Rep. Joe Barton (R-TX) will retire at the end of his 17th term, the oil industry favorite announced Thursday afternoon, after the leak of salacious but consensual correspondence with a former sex partner.
Barton’s decision marks the downfall of a long-significant figure within the GOP caucus. The seat he’s held since 1985 is almost certain to stay in Republican hands, though candidates to replace him have only about two weeks to file paperwork to run next year.
Barton was hostile to most values progressives care about, both in his legislative work and his political grandstanding. But his plan to exit elected life is flat-out graceful in contrast to how Democrats are handling two of his contemporaries who stand accused of harassing or assaulting multiple women over a period of years.
Neither Sen. Al Franken (D-MN) nor Rep. John Conyers (D-MI) appear willing to resign their posts, despite each being accused by five or more individual women of harassment or physically assaultive behavior.
House Minority Leader Nancy Pelosi (D-CA) finally called on Conyers to resign Thursday, after initially casting doubt on his accusers’ claims. Earlier on Sunday, Pelosi had suggested Conyers’ reputation as a civil rights icon should shield him from the cleansing #MeToo wave that has just begun to sweep predatory men out of positions of power in entertainment, media, and politics alike. She offered a thinly-veiled walk-back of that gaffe days later, but in a way that only further undermined the cause.
Barton’s story is strikingly different from those of Franken and Conyers. Although he pursued sexual relationships with multiple adult women during a period of separation from one of his ex-wives — and though at least one of those women has told reporters she was initially taken aback when the famous Republican took their interactions in a sexual direction — “none of Barton’s accusers have said he engaged in sexual harassment or abuse of power,” the Dallas Morning News reports.
Barton’s proclivity for striking up sexual relationships with women who contacted him in his capacity as a public official is not entirely benign. But where Franken’s political fortunes have been rocked in large part by a picture where he is doing something gross to another human being, Barton’s tumult stems from images of him alone, in the nude, and masturbating. He sent the images to at least one of what Barton said last week were multiple women with whom he had a sexual relationship during his divorce.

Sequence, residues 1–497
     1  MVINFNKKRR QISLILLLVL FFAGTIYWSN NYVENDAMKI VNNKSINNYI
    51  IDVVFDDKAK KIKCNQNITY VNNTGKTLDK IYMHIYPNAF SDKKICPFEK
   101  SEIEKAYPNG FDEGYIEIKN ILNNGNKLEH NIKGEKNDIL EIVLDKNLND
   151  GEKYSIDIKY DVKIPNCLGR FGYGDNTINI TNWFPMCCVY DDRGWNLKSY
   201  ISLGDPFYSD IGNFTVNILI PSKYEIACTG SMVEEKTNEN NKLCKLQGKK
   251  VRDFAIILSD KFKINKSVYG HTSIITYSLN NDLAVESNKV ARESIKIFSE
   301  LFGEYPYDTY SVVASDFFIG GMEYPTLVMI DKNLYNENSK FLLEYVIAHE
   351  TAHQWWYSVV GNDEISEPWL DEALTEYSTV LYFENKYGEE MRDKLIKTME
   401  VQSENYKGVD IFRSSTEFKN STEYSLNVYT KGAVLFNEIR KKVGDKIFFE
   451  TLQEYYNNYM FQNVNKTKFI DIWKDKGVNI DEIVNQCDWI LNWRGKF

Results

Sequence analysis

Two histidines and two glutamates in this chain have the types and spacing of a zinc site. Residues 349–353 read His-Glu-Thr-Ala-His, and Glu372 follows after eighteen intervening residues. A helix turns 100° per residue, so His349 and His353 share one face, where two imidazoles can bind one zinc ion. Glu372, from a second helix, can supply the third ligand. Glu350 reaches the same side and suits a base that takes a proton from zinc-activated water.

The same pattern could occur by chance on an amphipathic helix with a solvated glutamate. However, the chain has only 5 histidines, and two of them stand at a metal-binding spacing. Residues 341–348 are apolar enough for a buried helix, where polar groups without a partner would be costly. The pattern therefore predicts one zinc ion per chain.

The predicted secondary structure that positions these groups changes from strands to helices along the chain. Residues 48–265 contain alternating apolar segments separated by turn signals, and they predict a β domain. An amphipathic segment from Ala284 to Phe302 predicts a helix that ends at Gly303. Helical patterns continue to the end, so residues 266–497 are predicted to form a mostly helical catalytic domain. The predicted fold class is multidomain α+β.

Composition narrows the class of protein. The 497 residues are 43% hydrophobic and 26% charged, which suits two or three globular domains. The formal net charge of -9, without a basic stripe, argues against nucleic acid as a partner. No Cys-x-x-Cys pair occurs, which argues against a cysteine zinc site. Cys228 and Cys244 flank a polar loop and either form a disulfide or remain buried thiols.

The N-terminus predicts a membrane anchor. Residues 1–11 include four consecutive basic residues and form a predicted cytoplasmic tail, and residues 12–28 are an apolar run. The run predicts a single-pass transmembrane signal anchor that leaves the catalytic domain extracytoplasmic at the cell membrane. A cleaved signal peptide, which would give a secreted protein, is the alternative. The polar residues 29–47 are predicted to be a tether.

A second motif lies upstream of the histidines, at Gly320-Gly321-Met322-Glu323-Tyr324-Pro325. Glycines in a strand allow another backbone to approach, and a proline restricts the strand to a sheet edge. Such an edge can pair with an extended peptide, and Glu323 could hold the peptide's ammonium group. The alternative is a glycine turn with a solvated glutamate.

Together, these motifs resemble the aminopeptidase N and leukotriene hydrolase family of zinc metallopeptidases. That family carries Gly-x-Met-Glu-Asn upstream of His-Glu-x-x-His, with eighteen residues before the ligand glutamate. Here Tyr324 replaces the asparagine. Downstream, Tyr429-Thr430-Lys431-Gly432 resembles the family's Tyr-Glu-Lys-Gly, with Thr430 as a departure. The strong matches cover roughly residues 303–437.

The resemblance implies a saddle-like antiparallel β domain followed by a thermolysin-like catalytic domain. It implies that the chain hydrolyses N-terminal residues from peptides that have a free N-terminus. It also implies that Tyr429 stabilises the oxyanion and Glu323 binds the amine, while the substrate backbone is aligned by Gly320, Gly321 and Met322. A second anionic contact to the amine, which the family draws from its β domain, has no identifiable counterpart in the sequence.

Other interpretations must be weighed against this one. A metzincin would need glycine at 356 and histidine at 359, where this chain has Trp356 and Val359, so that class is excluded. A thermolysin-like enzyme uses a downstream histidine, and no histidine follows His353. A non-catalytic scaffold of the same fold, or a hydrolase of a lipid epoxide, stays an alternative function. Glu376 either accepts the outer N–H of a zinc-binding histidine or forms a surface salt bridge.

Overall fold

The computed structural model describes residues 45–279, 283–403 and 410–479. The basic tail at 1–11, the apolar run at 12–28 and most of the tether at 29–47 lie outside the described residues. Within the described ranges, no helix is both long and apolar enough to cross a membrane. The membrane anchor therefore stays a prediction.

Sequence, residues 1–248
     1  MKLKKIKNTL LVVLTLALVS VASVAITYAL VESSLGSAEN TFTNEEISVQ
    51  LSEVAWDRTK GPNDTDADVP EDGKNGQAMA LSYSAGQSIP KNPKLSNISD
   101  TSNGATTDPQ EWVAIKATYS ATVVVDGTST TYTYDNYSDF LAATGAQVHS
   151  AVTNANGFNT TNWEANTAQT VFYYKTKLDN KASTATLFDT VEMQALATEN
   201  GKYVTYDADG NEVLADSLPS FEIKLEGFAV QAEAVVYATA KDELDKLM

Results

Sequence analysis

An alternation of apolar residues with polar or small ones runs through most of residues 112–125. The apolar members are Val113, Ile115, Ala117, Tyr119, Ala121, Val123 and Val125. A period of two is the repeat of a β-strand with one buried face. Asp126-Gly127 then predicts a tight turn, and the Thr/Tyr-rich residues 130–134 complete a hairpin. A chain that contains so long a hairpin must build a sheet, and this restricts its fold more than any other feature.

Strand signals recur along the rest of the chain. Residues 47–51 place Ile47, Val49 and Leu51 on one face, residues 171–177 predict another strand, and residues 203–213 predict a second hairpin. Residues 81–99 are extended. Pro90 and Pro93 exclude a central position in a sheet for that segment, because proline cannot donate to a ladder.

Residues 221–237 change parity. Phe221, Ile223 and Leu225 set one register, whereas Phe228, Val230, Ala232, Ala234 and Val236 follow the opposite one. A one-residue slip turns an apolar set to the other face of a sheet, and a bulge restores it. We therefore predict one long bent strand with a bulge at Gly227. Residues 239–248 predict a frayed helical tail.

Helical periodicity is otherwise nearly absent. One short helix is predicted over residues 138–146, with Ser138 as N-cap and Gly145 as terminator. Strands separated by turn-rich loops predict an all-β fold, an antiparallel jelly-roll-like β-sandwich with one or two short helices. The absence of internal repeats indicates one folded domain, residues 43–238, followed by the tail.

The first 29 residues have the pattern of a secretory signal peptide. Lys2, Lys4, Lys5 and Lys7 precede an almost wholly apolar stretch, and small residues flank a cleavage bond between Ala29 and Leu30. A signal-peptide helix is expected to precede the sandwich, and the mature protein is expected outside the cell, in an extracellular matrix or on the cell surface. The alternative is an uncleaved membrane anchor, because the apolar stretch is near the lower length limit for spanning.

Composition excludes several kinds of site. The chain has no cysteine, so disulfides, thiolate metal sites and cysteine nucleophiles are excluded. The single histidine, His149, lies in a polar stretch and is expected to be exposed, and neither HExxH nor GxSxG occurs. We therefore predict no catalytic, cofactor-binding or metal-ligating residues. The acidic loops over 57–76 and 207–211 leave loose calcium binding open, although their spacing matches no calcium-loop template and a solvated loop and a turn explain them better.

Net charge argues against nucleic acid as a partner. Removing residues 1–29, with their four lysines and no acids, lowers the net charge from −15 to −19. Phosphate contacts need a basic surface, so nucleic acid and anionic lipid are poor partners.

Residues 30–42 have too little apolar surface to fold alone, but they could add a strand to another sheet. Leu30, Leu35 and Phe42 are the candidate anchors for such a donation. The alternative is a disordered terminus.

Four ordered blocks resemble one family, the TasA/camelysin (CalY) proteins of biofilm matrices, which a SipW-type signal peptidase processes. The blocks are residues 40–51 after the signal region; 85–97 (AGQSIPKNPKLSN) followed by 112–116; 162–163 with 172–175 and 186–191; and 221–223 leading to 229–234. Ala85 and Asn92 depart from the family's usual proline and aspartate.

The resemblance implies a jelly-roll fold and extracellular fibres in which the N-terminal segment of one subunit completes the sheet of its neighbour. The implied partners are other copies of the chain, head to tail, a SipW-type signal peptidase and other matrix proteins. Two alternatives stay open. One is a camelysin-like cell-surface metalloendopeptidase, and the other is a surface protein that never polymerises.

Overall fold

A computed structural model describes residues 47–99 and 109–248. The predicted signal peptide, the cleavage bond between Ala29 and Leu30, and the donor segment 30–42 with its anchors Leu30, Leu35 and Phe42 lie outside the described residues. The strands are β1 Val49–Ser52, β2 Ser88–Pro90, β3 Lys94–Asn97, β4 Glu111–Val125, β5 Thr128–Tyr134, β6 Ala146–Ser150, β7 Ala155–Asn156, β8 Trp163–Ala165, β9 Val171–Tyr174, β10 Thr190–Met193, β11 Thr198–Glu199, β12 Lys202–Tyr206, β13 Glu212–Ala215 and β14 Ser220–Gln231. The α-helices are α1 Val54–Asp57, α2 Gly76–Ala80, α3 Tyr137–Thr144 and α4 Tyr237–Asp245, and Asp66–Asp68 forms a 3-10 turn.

The woman to whom he had sent the images corroborated Barton’s claims to the Washington Post, though she cast them in a somewhat murkier ethical light in the process.
“Barton was not abusive or coercive in his interactions, the woman said, but said she felt he was ‘manipulative and dishonest and misleading’ in his dealings with her and other women,” the Post reported.
A non-abusive manipulator stepping out on his then-wife with women he met over Facebook is one thing. Men who serially violate the bodily integrity of women who either work for them (as Conyers allegedly did) or come into contact with them because of their fame (as in Franken’s case) stand in a separate ethical category.
Yet Barton’s scandal — made far more salacious by the publication of his sexts and nudes — is apparently enough to end a career.
Joe Barton built his legacy on climate change denial, stick-in-the-mud stances on moderate gun control policies, and empty-headed positioning on questions of what the United States government should and should not provide to its citizens. John Conyers founded the Congressional Black Caucus, helped make Martin Luther King, Jr. Day a federal holiday, and used his clout on the House Judiciary Committee to press the George W. Bush administration for accountability on the Iraq War and voter suppression in the 2004 election. Al Franken’s tenure in office is far shorter, but he’s proven himself an eloquent and passionate advocate for progressive policies.
There is, for progressives, no comparing Barton’s role in shaping the nation to that played by Conyers or even Franken.
But as the modern moment of somehow-revolutionary intolerance toward men who use their power to take advantage of women and violate their rights is hitting its stride, it is destructive to the cause of gender equality and public accountability for the most powerful members of the Democratic Party to twiddle their thumbs on their own. The behavior alleged by Franken and Conyers chases women out of public life in quiet, invisible ways that make our systems of power more male and more malevolent than they might otherwise be. Sexual harassment is a violation of women’s civil rights, even if it is not accompanied with criminal violations of their bodies.
Pelosi and others have now made Joe Barton the epitome of class, even as pictures of his nude body are distributed across the internet without his consent.